Your Work Outside of Work

At my day job I was interviewed about what my work outside of work is all about. Read the interview, Spotlight on… MINDY here…

Mindy Dwyer, Marketing & Graphics Assistant at The Food Co-op is multi-talented, with a Food Co-op career that spans 11 years – she started in 2009 as a Graphics Assistant, left for a couple of years and returned to the Food Co-op in 2018 to join the Produce Team. When a job opportunity in Marketing arose, Mindy sought the opportunity, and is once again working with Marketing.

What you might not know, is that Mindy is also a published author and illustrator, and she took some time to tell us a bit more about her process, and her most current project…

Tell me about your work outside of work and what’s your most recent project?
“I am a children’s book author and illustrator; most recent book is Chia and the Fox Man, A Dena’ina Fable. This is story of an orphan who meets a legendary character, to save his village and learn how to do what is right, even when it’s hard.”

What research did you do for your project?
“This is the second book project with a mother/son pair from Alaska. I had to further research the Dena’ina culture for Chia’s’ clothing, the houses and village and especially the fox character. There is nothing like him in our experience of fairy tales. It took several tries before I got captured the essence of his character.

How do you work?
“I always begin with pencil and paper, sketching and doodling ideas.  These turn into a storyboard to pace the story text and action with pictures. This initial phase of ideas is my favorite part of the process. The art director and I talk about the ideas and I make a book dummy, which is a small rough version of the book. Next, I scale the sketches up to just over actual size for publication and continue drawing and tracing until I arrive a good composition. These final drawings are approved and then I begin to paint in watercolor. The finished paintings are scanned in and I can manipulate them for detail, color matching, or texture.”

What’s your background?
“I went to a commercial art school after high school and attended some college for fine arts. I have worked as a package designer, sign painter, a forester, a ma and pa shop owner, graphic designer, band mom, bass player, illustrator and painter.”

How has your artistic practice changed over time?
“As a safety measure I took up watercolor when I had little kids in the house – and fell in love with the medium. It is perfect for illustration. I’ve learned to use the computer to enhance the work but I love the hand drawn quality and the texture of the paper so I do not generate the art directly on the computer.”

What themes do you pursue in your work?
“My children’s book themes are largely based on my experience in Alaska. My recent book Treasure is set in the Pacific Northwest but is modeled after my childhood in a woodsy river valley of Pennsylvania. When I create paintings that are not part of a book, they are narrative, decorative, colorful and graphical.”

What memorable responses have you had to your work?
“Once I spoke on a radio show that aired in Barrow, Alaska. It was a conversation with a scientist about the northern lights. My story Aurora was complete fantasy while his work was based on fact and scientific process. Callers could join the conversation to tell of their experiences. It was chilling. The scientist agreed that there was something unexplained, other worldly and spiritual that I had captured about the northern lights.

Also, there is nothing like a smiling kid clutching one of your books asking you to sign it, or someone who bought a painting you made because they want to have it and spend time looking at it.”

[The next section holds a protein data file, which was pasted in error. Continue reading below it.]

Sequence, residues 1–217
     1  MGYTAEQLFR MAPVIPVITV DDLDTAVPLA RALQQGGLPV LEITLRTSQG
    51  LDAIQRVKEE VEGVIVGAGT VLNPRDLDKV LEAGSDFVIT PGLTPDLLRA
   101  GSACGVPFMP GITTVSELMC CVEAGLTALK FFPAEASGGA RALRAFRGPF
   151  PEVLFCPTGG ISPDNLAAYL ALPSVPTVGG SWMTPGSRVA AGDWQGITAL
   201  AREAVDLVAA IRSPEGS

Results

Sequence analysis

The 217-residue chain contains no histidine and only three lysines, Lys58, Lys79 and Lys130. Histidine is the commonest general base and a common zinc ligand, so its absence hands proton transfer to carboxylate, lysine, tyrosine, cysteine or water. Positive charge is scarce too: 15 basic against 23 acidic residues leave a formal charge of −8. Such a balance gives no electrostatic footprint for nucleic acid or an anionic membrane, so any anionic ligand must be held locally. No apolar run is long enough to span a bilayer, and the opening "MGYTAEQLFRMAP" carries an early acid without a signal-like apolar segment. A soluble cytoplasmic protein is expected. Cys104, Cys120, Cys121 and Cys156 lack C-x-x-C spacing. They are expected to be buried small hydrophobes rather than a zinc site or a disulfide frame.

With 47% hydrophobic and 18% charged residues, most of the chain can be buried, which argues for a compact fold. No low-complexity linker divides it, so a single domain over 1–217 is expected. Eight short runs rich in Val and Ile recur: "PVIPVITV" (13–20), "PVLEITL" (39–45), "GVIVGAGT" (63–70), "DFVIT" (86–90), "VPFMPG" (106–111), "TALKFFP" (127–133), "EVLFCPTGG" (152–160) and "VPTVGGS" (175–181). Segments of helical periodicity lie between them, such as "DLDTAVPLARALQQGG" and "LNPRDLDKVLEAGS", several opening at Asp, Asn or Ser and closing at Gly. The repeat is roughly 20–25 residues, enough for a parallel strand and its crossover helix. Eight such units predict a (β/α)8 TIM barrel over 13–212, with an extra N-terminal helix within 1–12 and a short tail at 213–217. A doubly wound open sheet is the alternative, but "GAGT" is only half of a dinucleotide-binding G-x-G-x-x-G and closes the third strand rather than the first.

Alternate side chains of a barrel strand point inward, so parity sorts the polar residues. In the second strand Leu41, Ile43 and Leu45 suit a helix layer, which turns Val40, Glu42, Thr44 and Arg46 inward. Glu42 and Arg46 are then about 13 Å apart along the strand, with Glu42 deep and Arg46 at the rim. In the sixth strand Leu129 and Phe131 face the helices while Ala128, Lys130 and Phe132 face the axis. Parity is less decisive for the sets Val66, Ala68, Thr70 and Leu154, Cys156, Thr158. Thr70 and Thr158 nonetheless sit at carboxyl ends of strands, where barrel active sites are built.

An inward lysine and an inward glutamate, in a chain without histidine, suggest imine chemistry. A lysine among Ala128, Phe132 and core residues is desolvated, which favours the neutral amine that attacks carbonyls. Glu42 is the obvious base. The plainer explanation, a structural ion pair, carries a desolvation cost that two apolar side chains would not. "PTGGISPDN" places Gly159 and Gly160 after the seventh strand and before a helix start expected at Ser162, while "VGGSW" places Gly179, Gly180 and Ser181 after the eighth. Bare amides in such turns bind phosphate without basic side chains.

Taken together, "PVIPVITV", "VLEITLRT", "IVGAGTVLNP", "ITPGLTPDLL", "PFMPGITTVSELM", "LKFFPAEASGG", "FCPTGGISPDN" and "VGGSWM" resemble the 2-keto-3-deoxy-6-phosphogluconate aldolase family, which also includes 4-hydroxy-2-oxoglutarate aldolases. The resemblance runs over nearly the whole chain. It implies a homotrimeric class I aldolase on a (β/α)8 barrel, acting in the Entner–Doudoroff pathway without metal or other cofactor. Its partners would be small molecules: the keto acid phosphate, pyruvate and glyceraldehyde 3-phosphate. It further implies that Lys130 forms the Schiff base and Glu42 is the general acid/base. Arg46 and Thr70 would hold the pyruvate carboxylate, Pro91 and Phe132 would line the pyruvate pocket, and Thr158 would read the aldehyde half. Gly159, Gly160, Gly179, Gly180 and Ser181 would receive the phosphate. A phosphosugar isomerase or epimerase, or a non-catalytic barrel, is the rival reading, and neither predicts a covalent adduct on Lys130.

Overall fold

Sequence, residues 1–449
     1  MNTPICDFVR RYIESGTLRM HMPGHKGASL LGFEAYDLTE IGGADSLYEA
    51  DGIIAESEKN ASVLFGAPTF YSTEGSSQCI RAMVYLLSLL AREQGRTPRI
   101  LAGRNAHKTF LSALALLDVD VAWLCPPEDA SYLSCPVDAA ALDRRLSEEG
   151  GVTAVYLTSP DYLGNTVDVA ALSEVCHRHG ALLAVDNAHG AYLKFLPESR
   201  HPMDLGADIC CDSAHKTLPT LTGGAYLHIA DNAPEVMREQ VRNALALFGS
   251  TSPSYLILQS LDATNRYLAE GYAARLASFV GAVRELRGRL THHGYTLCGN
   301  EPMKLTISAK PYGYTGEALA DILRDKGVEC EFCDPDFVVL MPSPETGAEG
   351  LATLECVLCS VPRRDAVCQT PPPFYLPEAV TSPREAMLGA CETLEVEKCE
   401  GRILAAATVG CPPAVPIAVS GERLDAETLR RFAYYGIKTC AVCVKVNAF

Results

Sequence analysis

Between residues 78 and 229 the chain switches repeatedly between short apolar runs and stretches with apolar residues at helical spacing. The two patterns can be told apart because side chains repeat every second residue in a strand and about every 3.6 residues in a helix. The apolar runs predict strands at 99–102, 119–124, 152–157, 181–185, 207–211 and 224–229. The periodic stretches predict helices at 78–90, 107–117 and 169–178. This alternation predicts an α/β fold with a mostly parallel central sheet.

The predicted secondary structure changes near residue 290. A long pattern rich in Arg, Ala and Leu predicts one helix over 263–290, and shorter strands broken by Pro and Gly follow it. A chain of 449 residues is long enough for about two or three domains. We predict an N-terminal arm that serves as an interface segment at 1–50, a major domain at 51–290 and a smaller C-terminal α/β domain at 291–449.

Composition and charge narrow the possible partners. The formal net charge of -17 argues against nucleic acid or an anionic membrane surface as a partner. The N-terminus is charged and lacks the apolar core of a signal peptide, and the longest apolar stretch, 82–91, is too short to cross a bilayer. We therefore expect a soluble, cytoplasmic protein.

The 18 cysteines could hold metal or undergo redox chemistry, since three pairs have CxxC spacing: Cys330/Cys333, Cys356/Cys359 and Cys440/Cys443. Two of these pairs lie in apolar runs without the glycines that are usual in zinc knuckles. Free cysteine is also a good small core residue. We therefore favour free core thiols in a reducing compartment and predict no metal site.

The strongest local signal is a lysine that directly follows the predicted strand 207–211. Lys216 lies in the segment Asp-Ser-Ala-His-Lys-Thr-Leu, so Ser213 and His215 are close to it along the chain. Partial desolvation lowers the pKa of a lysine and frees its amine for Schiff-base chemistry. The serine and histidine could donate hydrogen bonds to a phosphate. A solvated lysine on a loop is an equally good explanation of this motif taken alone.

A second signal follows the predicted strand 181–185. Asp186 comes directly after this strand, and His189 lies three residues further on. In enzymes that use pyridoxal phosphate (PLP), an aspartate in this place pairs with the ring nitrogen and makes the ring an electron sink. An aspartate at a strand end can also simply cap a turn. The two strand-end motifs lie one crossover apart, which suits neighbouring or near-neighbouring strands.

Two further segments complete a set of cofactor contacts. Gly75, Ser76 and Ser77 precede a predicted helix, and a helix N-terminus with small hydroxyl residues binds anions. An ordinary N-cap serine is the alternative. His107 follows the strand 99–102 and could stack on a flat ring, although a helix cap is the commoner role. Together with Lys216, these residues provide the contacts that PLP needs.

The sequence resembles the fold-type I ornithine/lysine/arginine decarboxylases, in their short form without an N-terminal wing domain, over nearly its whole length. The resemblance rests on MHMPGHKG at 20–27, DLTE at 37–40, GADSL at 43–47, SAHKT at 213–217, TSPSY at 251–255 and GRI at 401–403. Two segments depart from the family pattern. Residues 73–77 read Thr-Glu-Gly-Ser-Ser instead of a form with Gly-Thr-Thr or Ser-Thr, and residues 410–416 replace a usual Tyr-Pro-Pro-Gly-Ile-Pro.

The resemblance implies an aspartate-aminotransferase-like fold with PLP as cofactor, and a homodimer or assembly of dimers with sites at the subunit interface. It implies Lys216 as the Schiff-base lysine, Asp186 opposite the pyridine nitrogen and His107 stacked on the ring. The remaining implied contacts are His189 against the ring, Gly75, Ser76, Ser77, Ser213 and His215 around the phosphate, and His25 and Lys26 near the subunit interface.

Science, Literature & Art

I was invited to speak at a women’s Science, Literature & Art Club. The club originated in 1931 and has been active since. This group of women have been gathering together at each other’s homes for many years looking for enrichment, and along the way found companionship. What would I talk about? One of my books allowed me to touch the world of science, so I wove that into my story. I spoke of my encounter with an expert on the northern lights, the director of the International Arctic Research Center. My aha moment was when this man of science admitted that the aurora truly held an other worldly presence. In that minute I understood that science was inquiry.

Seeing all of my books laid out there on the living room floor gave me a curious overview of my life in books. I simply started at the beginning with my first book Coyote In Love and ended the talk with Treasure, my most recent book with West Margin Press.

I shared my journey as an artist, an author, an illustrator, a woman, and a mother. Part storytelling, a bit of comedy, show and tell, watercolor painting demonstration and Q & A, I think the ladies were entertained. I told an unabridged tale of the life of an artist with vivid examples such as living on a construction site in tiny sheds with children hanging in hammocks alongside clotheslines of full sheets of 22 x 30 wet watercolor paper. I told them how we ran away with the circus before settling into Port Townsend, and described the many studio settings created over the years from kitchen table, living room, to garage, porch, laundry room and shed. They had many questions about the stories and the process and admired the artwork in the books very much.

A member of SLA, a chronicler named Sylvia Thomas has been the photographer and keeper of the pictorial history of the club. Sylvia has been a member since 1989 and brought talents that benefited the club as artist (she did and still does all the art work for the year end guest luncheons), photographer, and historian. Here is her summation.

On November 5, 1931, there were 14 women who met to organize a literary club, and decided to call themselves The Science, Literature and Art Club, which met twice a month.  In the custom of the day, women were referred formally as Mrs. So and So, and their husbands’ first names were always noted in the members’ directory.  Incidentally, not until 2013 or about, the minutes included the change in the directory using the members’  first names instead of their husbands’.   As was customary of the 30s’ era, women wore hats and gloves to the meetings which started at 4pm and the hostess served tea and cookies.  Eventually, the meeting time was changed to noon, and from cookies and tea, lunch segued to meals.  When I joined the club in 1999, someone had just started serving wine for the social period, and it’s been included at every club luncheon.